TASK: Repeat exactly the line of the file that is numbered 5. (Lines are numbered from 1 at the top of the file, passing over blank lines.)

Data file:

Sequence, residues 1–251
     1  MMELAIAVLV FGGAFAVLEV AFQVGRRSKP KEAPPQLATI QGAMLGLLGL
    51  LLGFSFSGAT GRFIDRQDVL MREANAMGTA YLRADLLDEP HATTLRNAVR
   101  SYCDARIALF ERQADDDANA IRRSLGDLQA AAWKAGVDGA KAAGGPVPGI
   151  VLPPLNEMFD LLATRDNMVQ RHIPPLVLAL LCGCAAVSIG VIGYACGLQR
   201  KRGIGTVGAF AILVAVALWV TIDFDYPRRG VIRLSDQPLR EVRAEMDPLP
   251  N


   151  VLPPLNEMFD LLATRDNMVQ RHIPPLVLAL LCGCAAVSIG VIGYACGLQR